space due to the current in the coil. One can show that In the case of three coils,ω1=ω2=ω3=ω, and φ1=0,
the vector potential, A, due to the coil has only φ2=2π⁄3, φ3=4π⁄3, one can show that Eq.(8) becomes
z-directional component, and given by[19]
A( y , t ) = A( x, y ) sin(ωt + ϕ )ez (2) 3
Faverage = − σω ⋅
In the absence of free charges in the space, the
⎡ ∂ ( yA2 ) ∂ ( yA3 ) ∂ ( yA3 ) ∂ ( yA1 ) ∂ ( yA1 ) ∂ ( yA2 ) ⎤
function A(x, y) is scalar function and given by[20] ⎢ A1 y∂y + A1 y∂y + A2 y∂y − A2 y∂y − A3 y∂y − A3 y∂y ⎥
⎢ ⎥
⎢ 0 ⎥
Iμ m ∞ ( −ξ x − x 0 ) ∂A ∂ A ∂A ∂A ∂A ∂ A
A( x, y ) = ∫0 J1 (ξ i ) J1 (ξ y )e dξ ⎢ ⎥
3 3
(3) ⎢
+ A1
+ A2
− A2
− A3
− A3

8π ⎣ ⎦

where μm is the magnetic permeability of the free space (9)

and equal to 4π×10−7 H/m, and J1 is the first order Bessel
function. Eqs.(8) and (9) show that the multiple current
Using the vector potential, one can calculate the carrying out-of-phase coils can create a body force in
magnetic field B(y, t) and the electric field E(y, t) created x-and y-directions; the force is zero in z-direction.
by the current in the coil as
3 Computational models of TMF
B ( y, t ) = ∇ × A( y, t ) (4)
∂A( y, t ) Fig.1 shows the computational model of the TMF,
E ( y, t ) = - (5)
∂t the total length of the TMF is 726 mm, width 300 mm,
height 110 mm, inter spacing of iron-teeth 32 mm, width
The current-loop creates a magnetic field in the x-
of iron-tooth 22 mm, height of iron-tooth 38 mm, and
and y-direction, and еx component (direction of the
coil cross-sectional area is 600 mm2.
current) of the magnetic field is zero.
Table 1 lists the properties and dimensions of some
Using the Ohm’s Law one can calculate the current
parameters used in simulations. TMF calculations are
density, jσ, formed inside the liquid conductor, the current
carried out for twelve coils, placed at yc=72 mm and
density in the conductor is, then, obtained as
xc=50, 104, 158, 212, 266, 320, 374, 428, 482, 536, 590,
jσ ( y, t ) = σE ( y, t ) (6) 644, and 698 mm equal magnitude currents with phase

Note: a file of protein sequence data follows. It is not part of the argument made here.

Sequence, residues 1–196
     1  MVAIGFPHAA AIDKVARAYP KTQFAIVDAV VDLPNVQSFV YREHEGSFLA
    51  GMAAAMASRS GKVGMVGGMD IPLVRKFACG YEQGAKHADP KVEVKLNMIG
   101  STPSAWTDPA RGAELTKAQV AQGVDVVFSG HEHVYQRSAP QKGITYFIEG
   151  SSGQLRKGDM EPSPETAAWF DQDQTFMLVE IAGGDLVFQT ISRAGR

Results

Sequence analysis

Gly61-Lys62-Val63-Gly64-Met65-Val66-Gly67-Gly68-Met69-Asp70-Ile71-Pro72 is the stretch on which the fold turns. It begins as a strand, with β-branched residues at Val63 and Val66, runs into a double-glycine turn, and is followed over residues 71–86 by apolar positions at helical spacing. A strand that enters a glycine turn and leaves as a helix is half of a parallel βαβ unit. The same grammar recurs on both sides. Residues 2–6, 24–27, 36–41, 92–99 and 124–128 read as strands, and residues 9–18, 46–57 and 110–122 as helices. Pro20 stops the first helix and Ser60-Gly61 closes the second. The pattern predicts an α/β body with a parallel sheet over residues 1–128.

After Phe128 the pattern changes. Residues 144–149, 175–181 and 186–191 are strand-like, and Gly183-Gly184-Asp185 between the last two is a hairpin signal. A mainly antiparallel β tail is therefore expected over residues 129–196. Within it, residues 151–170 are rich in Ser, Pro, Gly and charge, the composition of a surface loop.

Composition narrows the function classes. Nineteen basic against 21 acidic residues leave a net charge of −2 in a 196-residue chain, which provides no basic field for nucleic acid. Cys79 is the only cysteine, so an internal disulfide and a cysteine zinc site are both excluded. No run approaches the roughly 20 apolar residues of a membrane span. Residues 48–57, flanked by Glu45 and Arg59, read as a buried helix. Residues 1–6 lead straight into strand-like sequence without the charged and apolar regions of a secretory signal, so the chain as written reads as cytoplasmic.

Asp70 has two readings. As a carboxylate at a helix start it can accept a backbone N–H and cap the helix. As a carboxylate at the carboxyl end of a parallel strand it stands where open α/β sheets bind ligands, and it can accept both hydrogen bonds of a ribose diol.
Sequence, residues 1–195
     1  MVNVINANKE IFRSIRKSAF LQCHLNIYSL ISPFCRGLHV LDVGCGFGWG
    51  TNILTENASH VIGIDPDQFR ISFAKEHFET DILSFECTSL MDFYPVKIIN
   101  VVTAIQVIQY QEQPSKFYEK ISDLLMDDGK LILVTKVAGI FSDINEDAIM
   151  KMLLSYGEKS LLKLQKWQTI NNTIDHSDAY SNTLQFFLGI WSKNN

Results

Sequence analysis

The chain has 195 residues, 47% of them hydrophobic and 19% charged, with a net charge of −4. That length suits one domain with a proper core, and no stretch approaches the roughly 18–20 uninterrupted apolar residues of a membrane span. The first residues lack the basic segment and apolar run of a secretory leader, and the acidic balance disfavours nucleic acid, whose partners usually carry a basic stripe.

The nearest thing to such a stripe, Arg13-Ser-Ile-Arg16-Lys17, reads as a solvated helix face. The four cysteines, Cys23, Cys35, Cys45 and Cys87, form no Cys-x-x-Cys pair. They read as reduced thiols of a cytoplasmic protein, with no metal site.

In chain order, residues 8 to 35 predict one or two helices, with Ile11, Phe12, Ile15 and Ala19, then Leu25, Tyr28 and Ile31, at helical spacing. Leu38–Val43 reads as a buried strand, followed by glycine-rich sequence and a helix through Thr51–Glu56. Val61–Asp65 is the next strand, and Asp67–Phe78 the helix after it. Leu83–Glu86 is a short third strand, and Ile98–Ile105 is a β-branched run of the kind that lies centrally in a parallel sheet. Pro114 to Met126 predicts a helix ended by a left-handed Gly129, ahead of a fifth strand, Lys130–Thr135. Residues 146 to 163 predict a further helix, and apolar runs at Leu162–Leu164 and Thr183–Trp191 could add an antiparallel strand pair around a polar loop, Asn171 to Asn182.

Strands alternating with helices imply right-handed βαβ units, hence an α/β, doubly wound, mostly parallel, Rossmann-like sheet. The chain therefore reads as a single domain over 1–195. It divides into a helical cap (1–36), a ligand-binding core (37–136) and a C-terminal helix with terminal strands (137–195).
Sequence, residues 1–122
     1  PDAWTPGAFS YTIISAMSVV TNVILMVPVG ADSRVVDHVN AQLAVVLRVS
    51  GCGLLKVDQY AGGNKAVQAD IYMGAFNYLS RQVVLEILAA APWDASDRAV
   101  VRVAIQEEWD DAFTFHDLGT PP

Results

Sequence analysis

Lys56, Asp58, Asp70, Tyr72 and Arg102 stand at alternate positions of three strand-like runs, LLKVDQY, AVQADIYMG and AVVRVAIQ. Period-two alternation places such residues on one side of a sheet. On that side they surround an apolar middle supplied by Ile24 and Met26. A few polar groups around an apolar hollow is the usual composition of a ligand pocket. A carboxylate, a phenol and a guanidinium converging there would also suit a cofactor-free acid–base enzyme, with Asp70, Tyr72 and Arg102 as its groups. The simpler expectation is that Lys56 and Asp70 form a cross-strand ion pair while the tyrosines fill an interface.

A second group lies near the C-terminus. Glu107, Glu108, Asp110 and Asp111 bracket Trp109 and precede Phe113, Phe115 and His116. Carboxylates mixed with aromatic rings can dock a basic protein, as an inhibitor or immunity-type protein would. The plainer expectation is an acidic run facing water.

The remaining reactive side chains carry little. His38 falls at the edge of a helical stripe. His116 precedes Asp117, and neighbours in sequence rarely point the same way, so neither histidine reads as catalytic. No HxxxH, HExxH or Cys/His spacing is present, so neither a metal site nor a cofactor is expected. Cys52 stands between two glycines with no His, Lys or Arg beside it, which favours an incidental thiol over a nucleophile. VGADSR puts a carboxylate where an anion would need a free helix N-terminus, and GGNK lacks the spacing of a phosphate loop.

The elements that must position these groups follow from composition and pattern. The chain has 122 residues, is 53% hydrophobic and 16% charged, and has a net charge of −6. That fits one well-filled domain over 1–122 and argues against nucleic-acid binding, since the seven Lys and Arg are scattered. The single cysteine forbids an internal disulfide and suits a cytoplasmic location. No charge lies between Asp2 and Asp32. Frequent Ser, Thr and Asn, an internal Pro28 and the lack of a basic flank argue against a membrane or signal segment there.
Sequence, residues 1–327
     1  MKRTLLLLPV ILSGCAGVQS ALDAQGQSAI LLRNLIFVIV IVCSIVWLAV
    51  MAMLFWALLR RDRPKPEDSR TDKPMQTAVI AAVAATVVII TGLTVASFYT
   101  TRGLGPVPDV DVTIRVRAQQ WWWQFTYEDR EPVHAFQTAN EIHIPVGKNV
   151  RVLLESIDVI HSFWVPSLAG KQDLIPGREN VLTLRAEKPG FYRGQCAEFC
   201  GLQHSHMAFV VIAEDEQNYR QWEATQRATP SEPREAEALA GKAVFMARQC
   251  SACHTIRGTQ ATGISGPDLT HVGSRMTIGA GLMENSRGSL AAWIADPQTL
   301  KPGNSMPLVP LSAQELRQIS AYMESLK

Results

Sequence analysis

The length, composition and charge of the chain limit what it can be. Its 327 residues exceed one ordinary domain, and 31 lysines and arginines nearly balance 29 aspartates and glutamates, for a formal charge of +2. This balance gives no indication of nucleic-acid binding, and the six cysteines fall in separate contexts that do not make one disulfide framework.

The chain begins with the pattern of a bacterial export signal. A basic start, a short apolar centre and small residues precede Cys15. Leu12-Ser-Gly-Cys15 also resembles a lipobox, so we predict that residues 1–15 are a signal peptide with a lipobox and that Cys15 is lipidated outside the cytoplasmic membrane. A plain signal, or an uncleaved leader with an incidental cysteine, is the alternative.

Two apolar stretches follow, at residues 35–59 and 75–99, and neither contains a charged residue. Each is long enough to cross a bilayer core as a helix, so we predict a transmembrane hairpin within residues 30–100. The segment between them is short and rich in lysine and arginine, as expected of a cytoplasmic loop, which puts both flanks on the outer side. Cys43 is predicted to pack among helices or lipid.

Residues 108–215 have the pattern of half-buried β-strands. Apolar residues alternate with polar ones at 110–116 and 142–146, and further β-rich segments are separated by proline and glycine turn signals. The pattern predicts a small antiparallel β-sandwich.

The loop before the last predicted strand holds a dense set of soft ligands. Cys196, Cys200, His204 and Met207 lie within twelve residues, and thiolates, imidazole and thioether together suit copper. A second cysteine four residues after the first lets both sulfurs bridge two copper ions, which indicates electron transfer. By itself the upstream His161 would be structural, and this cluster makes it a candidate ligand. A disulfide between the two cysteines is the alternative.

angles of 0, 2π⁄3, 4π⁄3,0, 2π⁄3, 4π⁄3,0, 2π⁄3, 4π⁄3,0, 2π⁄3,
where σ is the conductivity of the melt.
Furthermore, by neglecting the effect of the induced 4π⁄3, and different frequencies. We neglected the effect
magnetic field due to the currents in the conductor, and of the conductor in the traveling magnetic field, and the
the effect of the moving charges in the liquid conductor, density, relative permeability, resistivity used in
we can also calculate the time-averaged Lorentz force F simulations are assumed to be constant, and the melt is
in the conducting melt as follows[18]: considered as rigid body. Since the current is the in
z-direction only and the z-component of the magnetic
1 T
Faverage = ∫ ( jσ × B )dt (7) field is zero, so we set up two-dimension model for
T 0
664 SU Yan-qing, et al/Trans. Nonferrous Met. Soc. China 20(2010) 662−667
calculating. Then we apply the boundary condition that is driven by Fx, and Fy is the pulse force. Since it is
the magnetic flux is parallel to the border of the free difficult to measure the electromagnetic force directly,
space. And the vector diagram of electromagnetic force we use low melting point Ga-In-Sn melt, of which the
on Ga-In-Sn melt and the magnetic flux density in TMF melting point is about 10.2 ℃ to measure Fx. The flow
are shown in Fig.2. status of the Ga-In-Sn melt is shown in Fig.3, it can be
seen that the melt moving from left side to right side, and
Table 1 Properties and dimensions of some parameters used in then accumulating at the end of the right side of the
simulations container. At the end of the left side of the container, the
Property Value Ga-In-Sn melt is so little that we can see the bottom of
20, 50, 100, 160, 200,
the container. Meanwhile, the melt in the middle of the
Current frequency/Hz container is moving rightward, and the thickness of the
400, 1 000, 5 000
melt increases from left to right side. A new apparatus
Height of coil/mm 30
designed to measure the Lorentz force is shown in Fig.4.
Length of coil/mm 20 Dimensions of the container are 300 mm×150 mm×
Number of winding 375 3 mm, there are nine plastic tubes position at the right
Electrical resistivity of coils/ side of the container and a bigger one at the left side, the
(Ω·m) distance between the two tubes is 15 mm, and we can put
Electrical resistivity of Al/(Ω·m) 2.65×10−8 the Ga-In-Sn melt into the container through the tube
positioned at the left side of the container.
Electrical resistivity of Mg/(Ω·m) 4.39×10−8
Electrical resistivity of Li/(Ω·m) 8.55×10−8
Electrical resistivity of
Relative permeability of air 1.0
Relative permittivity of air 1.0
Relative permeability of Al 1.0
Relative permeability of coil 1.0 Fig.3 Flow status of Ga-In-Sn melt (f=50 Hz, I=1 272 A)
Relative permeability of ceramic 1.0
Relative permeability of low
2 000
carbon steel

Fig.4 Apparatus for measuring the Lorentz force (f=50 Hz, I=

1 272 A)

The height of the melt in the tubes is higher than